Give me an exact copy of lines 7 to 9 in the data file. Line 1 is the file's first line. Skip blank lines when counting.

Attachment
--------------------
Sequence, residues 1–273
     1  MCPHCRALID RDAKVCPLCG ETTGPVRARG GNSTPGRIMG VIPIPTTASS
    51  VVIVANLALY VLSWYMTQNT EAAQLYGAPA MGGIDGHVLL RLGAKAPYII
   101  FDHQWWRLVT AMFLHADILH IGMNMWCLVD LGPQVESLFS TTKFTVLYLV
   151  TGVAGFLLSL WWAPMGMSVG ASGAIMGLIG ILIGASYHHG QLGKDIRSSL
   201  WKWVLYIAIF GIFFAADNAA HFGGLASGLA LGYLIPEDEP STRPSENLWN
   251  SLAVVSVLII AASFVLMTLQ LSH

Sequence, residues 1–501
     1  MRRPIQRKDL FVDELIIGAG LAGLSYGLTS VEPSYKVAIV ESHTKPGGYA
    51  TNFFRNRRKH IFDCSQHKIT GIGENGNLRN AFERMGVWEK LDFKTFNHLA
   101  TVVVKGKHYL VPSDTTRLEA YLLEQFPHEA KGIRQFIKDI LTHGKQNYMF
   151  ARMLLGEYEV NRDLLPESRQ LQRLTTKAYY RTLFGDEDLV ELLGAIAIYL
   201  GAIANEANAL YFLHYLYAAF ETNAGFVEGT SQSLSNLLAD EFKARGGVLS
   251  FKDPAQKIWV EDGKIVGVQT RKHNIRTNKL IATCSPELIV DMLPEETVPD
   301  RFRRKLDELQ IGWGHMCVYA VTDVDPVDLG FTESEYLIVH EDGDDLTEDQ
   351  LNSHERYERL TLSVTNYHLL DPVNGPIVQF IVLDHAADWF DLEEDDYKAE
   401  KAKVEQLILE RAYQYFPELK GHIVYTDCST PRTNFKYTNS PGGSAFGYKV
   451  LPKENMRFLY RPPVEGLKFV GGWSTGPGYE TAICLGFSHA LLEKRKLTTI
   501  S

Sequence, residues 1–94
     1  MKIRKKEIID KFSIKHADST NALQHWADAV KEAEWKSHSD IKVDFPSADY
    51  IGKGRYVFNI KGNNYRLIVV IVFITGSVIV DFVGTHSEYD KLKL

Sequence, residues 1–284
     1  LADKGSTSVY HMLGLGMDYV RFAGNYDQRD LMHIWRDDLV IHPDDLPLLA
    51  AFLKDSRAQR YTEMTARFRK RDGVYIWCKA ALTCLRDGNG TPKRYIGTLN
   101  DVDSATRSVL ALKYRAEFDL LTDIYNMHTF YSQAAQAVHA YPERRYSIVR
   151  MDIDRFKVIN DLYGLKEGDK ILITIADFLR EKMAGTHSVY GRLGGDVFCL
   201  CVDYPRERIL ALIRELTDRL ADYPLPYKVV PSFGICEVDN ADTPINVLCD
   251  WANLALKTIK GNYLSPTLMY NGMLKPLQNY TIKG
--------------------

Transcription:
   251  SLAVVSVLII AASFVLMTLQ LSH

Sequence, residues 1–501
     1  MRRPIQRKDL FVDELIIGAG LAGLSYGLTS VEPSYKVAIV ESHTKPGGYA